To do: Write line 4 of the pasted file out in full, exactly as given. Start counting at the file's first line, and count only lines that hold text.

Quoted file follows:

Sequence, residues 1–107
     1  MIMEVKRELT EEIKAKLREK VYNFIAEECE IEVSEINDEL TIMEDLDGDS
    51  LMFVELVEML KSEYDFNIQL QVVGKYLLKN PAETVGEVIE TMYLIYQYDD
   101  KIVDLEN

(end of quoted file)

   101  KIVDLEN